10/19-23/2015 Summary: This was a short trip to the boat to check out the new enclosure, figure out what to do with our unpaintable anchor pulpit, have new batteries installed, plus a few other odd chores.
We are extremely satisfied with the new enclosure! The new O’Sea glass is so clear it is almost as if there is nothing there. All the “smile” openings hook up to the enclosure top with no rolling necessary, and the 2 “frowns” roll down, sitting nicely on the teak behind the dash.
And we were the first boat to have a laser fit enclosure by Schrimsher Yacht Canvas. Thanks Steve and Nancy! We also had dinner with Steve and Nancy to pick their brains about The Loop trip they did in their DeFever 44, Salty Turtle, several years ago. Got some very helpful information we can put to use during our 5,000-mile journey
We had scheduled with Treasure Coast Battery to replace the batteries. Two guys showed up with 8 new batteries and within an hour, they had the old ones removed and the new ones installed, all for a mere $100 installation fee. (Tom thought it was worth every penny!)
So other than installing the anchor pulpit later (temporarily), this trip got us ready to move from Stuart and head toward clear water (which we have not seen since we were on the west coast of Florida). Though the slip is reserved through the end of November, we hope to move sometime before then.
This is where you stop reading, unless you are interested in the details. Thanks for stopping by!
Details: The new enclosure gives the boat a really different look with the windshield gone,
but one we really like, though some may say it took away the traditional DeFever look. The 2’ extension out the front provides some additional late afternoon shade. Steve did an awesome job of following the lines of the boat, and the attention to detail is fantastic. The combination of the Stamoid material (which is almost vinyl-like) and the O’Sea glass, plus the fact that the entire enclosure is now inside the frame by about 6 inches, provides a very clean look. Every section simply zips out if needed, and the top is laced to the new frame so snugly that barring a force 4 or 5 wind, it should never need to be removed. We still have a lot of old snaps to remove from the old top.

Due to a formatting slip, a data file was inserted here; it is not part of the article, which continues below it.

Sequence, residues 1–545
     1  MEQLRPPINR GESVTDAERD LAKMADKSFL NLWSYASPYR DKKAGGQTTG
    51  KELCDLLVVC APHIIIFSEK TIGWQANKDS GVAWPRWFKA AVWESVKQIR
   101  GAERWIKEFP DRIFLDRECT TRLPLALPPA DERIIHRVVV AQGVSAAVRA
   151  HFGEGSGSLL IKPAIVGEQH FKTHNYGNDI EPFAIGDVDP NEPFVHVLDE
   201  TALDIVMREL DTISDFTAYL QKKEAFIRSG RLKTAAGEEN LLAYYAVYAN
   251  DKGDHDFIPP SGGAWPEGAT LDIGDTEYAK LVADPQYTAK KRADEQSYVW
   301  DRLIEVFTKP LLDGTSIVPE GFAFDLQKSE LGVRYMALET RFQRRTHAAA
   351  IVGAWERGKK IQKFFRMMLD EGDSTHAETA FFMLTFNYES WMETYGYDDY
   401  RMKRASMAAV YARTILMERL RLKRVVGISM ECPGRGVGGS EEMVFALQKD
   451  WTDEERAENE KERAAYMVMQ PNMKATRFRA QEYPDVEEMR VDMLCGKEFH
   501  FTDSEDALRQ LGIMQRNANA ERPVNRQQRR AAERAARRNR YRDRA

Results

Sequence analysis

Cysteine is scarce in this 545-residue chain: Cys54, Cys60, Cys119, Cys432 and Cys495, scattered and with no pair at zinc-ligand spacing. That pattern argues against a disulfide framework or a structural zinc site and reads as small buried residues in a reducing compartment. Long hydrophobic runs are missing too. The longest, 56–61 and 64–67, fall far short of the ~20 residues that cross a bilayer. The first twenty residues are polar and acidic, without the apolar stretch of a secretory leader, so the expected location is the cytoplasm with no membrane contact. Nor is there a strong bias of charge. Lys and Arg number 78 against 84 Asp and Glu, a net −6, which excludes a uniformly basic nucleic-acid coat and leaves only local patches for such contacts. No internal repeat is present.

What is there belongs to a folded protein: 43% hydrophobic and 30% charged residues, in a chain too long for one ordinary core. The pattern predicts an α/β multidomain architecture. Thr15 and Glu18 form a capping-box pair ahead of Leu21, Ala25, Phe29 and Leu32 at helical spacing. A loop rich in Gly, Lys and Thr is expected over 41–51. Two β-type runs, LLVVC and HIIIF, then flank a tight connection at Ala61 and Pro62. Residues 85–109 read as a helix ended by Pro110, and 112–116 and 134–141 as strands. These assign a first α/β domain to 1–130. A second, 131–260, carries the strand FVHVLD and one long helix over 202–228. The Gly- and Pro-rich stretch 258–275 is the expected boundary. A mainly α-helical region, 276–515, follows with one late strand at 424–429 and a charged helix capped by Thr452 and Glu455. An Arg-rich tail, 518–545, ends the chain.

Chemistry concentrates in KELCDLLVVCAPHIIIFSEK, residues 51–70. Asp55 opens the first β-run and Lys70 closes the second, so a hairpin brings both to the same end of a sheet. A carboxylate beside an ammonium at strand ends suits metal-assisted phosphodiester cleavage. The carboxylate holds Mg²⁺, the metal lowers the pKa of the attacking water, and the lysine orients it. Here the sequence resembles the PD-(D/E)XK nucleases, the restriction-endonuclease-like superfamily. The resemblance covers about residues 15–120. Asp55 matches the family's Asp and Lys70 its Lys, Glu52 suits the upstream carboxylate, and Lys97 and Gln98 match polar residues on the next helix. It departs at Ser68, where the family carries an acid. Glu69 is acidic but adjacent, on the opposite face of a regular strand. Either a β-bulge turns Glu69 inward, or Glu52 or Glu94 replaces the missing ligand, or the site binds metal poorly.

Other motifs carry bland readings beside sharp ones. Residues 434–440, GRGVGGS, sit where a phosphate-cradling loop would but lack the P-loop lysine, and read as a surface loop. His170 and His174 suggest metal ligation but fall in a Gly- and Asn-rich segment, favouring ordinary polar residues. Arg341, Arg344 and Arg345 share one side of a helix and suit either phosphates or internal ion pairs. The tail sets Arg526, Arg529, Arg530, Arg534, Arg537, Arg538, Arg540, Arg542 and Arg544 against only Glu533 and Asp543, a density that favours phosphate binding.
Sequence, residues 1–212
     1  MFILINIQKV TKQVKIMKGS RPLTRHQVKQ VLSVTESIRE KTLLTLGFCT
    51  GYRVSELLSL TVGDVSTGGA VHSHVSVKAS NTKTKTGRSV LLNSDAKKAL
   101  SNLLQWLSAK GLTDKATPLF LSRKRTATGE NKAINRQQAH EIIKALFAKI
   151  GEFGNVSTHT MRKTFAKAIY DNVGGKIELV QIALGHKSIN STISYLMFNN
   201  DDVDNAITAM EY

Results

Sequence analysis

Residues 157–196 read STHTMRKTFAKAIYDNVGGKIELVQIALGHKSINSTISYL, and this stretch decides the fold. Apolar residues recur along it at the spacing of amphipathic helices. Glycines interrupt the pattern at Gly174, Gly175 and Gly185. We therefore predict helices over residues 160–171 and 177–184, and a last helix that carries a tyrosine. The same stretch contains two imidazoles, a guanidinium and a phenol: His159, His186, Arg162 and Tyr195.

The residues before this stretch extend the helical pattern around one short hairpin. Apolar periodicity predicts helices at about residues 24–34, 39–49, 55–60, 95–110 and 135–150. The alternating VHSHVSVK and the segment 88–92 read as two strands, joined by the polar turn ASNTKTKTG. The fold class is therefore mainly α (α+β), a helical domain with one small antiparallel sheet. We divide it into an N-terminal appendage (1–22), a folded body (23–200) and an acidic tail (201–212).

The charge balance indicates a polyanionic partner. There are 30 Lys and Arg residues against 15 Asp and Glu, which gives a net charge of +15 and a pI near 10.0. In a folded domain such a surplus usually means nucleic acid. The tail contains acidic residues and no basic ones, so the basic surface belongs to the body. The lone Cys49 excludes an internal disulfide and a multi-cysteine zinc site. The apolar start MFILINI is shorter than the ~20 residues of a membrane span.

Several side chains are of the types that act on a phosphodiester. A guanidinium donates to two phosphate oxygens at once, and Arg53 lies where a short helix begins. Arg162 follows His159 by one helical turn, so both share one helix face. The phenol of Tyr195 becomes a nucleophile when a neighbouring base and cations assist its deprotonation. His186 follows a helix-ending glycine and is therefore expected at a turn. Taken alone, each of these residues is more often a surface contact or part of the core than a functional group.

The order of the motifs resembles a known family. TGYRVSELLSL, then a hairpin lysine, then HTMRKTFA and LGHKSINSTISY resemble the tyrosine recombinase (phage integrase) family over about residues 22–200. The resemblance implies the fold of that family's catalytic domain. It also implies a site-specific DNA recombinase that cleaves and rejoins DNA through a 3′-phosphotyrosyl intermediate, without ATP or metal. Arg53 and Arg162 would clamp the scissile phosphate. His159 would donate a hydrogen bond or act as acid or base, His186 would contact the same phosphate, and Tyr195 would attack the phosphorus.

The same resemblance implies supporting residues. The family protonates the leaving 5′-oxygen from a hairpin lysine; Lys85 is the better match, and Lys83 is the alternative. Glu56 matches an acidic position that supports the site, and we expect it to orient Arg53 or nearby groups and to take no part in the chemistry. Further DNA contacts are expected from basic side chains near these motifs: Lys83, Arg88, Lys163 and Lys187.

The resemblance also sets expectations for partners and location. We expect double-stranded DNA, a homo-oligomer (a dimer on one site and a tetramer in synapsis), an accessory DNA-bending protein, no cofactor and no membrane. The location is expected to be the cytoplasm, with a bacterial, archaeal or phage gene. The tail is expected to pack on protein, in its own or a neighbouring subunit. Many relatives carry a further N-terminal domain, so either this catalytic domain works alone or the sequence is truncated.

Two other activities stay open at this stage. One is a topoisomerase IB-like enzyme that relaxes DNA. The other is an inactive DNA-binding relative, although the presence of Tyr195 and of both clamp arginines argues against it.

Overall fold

Tom spent a couple of hours at Jeremy’s shop getting the stainless steel insert welded for the anchor chain slot on the bow pulpit. He also talked to the paint guy at Home Depot who told him he could paint the bow pulpit after letting the treated beam “cure” for just 60 days (not the 6 months he had previously been told). So Tom will install it temporarily while it cures, remove it later to paint, and then reinstall it permanently. (Well, permanently from our perspective.
The next morning we went about the task of making the boat look a little less like a construction site. Most everything moveable on the flybridge had been moved to the sundeck, barely leaving a path to the door. We got most of the stuff back to its home on the flybridge. We cleaned up so well we invited Steve and Sue from Peregrine, a sailboat down the dock, over for dinner. (Steve helped Tom move the boat back and forth from the maintenance marina and gave him a hand removing the old anchor pulpit.) Amazingly, we figured out this was the first time we entertained people for dinner (other than the previous owner, once) since we bought the boat 18 months ago.
We spent a good amount of time on what seems like the never-ending inventory project. We got the flybridge, dinghy deck and bow storage areas completed, as well as the laundry room.
Then two guys from Treasure Coast Battery came to install the new batteries – 8 60-pound 6V golf cart batteries that sit in a box outbound of the engines. They made quick work of moving 960 pounds of batteries, including all the connections, and we got 5% off the total bill just for mentioning their website.
Before we called it quits for the day, we started patterning the old canvas for the flybridge dash cover, which no longer fit due to the removal of the windshield. We are hoping to just modify the old one and install a few new snaps to allow it to cover the electronics and front seats. Thanks to the new enclosure, it no longer needs to fit tightly and repel water. Since the sewing machine on the boat will not handle the canvas, it will take a couple of trips home to get it finished.